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Locally-Managed Tablespaces

Creation Date: 03-JAN-2000
Last Revision Date: 03-APR-2002


PURPOSE
To describe new options introduced in Oracle8i and Orale9i for the CREATE
TABLESPACE command and provide some examples of locally managed tablespaces.

RELATED DOCUMENTS
Oracle8i Server Concepts
Oracle8i Server SQL Reference
Oracle9i Database Concepts
Oracle9i SQL Reference


The CREATE TABLESPACE command has a new clause introduced in Oracle8i, the
"extent_management_clause", that specifies how the extents of the tablespace
are managed. This clause uses one of the following parameters:

- DICTIONARY:
Specifies that the tablespace is managed using dictionary tables.
This is the default in Oracle8i.

- LOCAL:
Specifies that tablespace is locally managed.
This is the default in Oracle9i.
If COMPATIBLE is set to 9.0.0, then the default extent management for any
new tablespace is locally managed in Oracle9i.
If COMPATIBLE is less than 9.0.0, then the default extent management for
any new tablespace is dictionary managed in Oracle9i.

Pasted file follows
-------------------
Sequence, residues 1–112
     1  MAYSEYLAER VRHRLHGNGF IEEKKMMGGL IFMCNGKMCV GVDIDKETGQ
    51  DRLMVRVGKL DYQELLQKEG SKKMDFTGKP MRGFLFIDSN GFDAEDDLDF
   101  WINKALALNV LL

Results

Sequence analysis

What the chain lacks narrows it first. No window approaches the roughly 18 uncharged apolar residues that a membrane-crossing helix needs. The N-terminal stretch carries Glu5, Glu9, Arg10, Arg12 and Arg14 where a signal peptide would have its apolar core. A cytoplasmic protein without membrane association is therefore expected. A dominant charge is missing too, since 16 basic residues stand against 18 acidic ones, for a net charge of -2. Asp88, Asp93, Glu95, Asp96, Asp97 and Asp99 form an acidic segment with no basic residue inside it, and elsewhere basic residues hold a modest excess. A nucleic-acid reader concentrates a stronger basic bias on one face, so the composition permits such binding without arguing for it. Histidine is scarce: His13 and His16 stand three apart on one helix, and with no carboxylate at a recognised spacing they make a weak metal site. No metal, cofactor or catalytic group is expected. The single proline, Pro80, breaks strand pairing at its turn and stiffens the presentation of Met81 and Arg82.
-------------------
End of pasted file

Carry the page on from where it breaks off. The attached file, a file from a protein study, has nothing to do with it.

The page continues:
Locally managed tablespaces have some part of the tablespace
set aside for a bitmap.

* AUTOALLOCATE specifies that the tablespace is system managed.
Users cannot specify an extent size.

* UNIFORM specifies that the tablespace is managed with uniform
extents of SIZE bytes. The default SIZE is 1 megabyte.

NOTE: If you do not specify either AUTOALLOCATE or UNIFORM with the
LOCAL parameter, then AUTOALLOCATE is the default.


Locally Managed Tablespaces:
----------------------------

A tablespace that manages its own extents maintains a bitmap in each datafile
to keep track of the free or used status of blocks in that datafile. Each bit
in the bitmap corresponds to a block or a group of blocks. When an extent is
allocated or freed for reuse, Oracle changes the bitmap values to show the new
status of the blocks. These changes do not generate rollback information
because they do not update tables in the data dictionary (except for special
cases such as tablespace quota information).

Local management of extents automatically tracks adjacent free space,
eliminating the need to coalesce free extents. The sizes of extents that are